Sweet Cicely, Sweet Woodruff and Lavender.
Three herbs that bring their various and particular, delicate and sweetish qualities to baking. For how to use Sweet Cicely and for baking with Sweet Woodruff and Lavender.... read on.
Sweet cicely is as pretty as its name, with lacy, fern like leaves and sparse, frail umbels of white flowers. It is genuinely sweet, with a faint aniseed flavour and is often recommended to substitute for some of the sugar in fruit dishes, usually with rhubarb in a crumble, where it both reduces the acidity and adds its own subtle flavour. The restaurant Lyle's in Shoreditch, London, serve asparagus with sweet cicely and lovage as a first course and I have also seen recipes using the leaves in ice creams and parfaits, but it does need acidity to show off its qualities. Gooseberries and rhubarb are the best companions. Use the leaves in amongst the fruit in a crumble or a galette.
Next comes sweet woodruff. I have a large patch of sweet woodruff spreading amongst some ferns under a walnut tree in my garden. It loves to grow in shady spots. The intensity of flavour increases once dried, filling your kitchen with the fragrance of new mown hay. Historically it was dried and layered amongst linens to keep the cupboard delightfully fresh. Here I have combined it with marzipan in a cake, where the green colour and the almond-y flavour combine to soft and winning effect. It makes gorgeous biscuits too.
Like many almond-tasting food stuffs (such as apricot kernels, bitter almond essence and sloes), sweet woodruff contains compounds that are safe in moderate quantities but toxic if taken to excess, so limit your sweet woodruff cake baking to a few times in May when it's the best season anyway. Sweet woodruff is easy to grow in the garden and makes a good, shady ground cover. Harvest the leaves in May, before the plant sets flowers.
You can buy sweet woodruff plants easily online to grow in your garden or shady boxes or pots. It also does grow wild on chalky soils in Britain - see here to make sure you identify it properly.
This recipe is based on a classic Victoria sponge. The method given is for a speedy cake, but use the old-fashioned creamed method for maximum rise. I first made this cake at Easter for a house-full of friends and family, hence the Simnel influenced layer of marzipan in the centre. But the almond flavour of the marzipan goes so well with the sweet woodruff and adds a moist chewiness, so I'm repeating it here.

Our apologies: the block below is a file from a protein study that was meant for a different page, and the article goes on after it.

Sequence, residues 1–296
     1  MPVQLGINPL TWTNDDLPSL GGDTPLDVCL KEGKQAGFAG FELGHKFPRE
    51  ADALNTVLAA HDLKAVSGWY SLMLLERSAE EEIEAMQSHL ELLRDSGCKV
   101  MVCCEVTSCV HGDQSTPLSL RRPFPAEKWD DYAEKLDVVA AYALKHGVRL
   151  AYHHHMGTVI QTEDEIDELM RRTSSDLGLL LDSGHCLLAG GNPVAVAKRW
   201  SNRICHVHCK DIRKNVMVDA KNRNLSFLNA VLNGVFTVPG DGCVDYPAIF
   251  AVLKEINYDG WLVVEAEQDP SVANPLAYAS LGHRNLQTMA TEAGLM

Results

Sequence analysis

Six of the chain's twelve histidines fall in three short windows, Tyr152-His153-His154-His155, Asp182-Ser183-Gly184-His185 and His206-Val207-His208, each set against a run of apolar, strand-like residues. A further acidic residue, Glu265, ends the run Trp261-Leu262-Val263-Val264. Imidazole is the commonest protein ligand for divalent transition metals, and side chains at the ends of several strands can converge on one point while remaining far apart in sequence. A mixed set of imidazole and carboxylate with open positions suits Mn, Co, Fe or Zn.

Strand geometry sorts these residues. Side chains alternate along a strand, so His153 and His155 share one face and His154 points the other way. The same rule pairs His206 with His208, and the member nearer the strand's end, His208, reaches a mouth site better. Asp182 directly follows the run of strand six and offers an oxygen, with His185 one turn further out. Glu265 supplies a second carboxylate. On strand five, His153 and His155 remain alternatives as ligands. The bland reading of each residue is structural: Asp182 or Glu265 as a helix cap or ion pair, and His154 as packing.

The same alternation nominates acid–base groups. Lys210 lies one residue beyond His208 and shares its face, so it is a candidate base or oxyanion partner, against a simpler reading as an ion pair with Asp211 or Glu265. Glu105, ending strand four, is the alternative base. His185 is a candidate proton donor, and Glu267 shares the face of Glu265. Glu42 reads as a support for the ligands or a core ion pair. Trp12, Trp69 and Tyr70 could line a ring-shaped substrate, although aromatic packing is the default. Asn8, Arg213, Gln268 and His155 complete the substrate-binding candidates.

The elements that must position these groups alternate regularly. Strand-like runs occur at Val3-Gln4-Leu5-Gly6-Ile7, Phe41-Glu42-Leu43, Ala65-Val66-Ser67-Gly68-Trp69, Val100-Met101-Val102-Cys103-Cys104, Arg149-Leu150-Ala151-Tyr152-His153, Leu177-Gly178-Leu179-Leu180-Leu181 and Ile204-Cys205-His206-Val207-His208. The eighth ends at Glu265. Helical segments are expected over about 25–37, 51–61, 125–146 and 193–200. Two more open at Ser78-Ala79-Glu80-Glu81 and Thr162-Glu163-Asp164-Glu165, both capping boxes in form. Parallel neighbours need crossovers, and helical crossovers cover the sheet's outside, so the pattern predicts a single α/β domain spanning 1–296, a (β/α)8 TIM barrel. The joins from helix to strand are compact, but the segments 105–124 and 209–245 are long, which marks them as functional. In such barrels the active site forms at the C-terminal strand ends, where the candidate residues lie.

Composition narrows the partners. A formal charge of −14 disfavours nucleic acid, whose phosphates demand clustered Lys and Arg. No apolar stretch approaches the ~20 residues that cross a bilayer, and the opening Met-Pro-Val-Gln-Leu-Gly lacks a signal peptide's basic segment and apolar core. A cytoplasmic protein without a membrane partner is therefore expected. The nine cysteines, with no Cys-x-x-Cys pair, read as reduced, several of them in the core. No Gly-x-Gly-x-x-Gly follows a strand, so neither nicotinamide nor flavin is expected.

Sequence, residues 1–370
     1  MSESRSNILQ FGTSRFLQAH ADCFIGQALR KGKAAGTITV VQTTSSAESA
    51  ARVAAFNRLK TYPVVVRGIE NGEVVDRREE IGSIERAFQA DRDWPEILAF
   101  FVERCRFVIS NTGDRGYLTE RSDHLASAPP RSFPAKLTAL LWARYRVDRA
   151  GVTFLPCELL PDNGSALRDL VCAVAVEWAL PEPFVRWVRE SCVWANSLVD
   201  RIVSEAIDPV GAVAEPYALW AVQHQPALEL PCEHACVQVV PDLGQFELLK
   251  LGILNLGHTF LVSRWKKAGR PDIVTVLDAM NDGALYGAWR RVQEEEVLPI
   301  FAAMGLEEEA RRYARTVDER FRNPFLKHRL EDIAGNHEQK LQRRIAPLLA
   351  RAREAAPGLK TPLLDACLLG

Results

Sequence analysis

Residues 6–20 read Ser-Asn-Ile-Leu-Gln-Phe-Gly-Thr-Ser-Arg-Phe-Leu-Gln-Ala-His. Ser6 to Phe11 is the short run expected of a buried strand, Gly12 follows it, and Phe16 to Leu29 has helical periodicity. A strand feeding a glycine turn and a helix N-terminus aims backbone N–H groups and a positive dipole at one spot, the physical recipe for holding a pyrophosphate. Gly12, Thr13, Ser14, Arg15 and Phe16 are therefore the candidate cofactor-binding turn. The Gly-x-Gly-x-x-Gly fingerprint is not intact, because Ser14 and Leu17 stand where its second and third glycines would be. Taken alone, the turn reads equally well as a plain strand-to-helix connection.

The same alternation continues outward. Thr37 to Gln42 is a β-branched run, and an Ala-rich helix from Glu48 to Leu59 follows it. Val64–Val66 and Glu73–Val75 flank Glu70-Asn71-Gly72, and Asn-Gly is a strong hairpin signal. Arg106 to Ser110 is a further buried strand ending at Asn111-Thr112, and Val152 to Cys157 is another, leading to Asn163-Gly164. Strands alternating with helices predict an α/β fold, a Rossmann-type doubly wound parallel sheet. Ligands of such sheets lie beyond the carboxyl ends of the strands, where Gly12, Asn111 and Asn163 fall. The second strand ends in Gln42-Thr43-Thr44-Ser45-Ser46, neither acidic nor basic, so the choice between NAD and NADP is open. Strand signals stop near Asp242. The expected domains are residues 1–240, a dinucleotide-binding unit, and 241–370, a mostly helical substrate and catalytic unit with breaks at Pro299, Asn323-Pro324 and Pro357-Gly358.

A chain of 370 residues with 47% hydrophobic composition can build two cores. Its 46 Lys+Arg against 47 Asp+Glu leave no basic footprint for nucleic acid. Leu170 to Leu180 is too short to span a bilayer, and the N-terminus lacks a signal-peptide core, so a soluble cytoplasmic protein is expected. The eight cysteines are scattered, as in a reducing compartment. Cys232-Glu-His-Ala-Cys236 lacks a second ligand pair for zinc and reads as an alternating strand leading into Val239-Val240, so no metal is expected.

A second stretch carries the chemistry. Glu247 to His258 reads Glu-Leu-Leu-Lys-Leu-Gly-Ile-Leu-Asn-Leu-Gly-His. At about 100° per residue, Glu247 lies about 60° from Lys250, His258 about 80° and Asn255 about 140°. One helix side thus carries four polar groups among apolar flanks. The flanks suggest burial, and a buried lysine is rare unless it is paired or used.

Sweet Woodruff & Marzipan Cake (makes a 20 cm cake)
a large handful of sweet woodruff leaves
225g unsalted butter, at room temperature225g caster sugar1 teaspoon vanilla extract4 large eggs225g self-raising flour
2-3 tablespoons milk
200g white marzipan
For the icing
40g icing sugar, sieved
Spread the sweet woodruff on a baking tray and put them in a low oven (100 – 120° C) for 5 to 10 minutes. Keep checking them during this time. After around 5 minutes, the fragrance will fill the room. Check the leaves and toss them on the tray a little to ensure the bottom layer is as dry as the top. Once they are all crisp to the touch, but not darkening too much, remove and cool.
Heat the oven to 170°C and line a 20cm x 10cm springform round tin with baking paper. The quick method is to whizz the butter, sugar, vanilla, eggs and flour in a food processor until lights and smooth. Then add the dried sweet woodruff and pulse until fully broken up and incorporated into the batter. Add some of the milk until the batter has a good, dropping consistency.
Next roll out the marzipan into a 20cm circle, using some icing sugar to make sure it doesn't stick to the rolling pin or the table.
Spread half of the batter into the base of the cake tin. Lower in the round of marzipan and then spread the rest of the batter on top. Bake for around 40-45 minutes until golden and firm to the touch. Cool on a wire tray.
To finish, beat the icing sugar into the ricotta and spread on the cake. You can use a few leaves of sweet woodruff for decoration.
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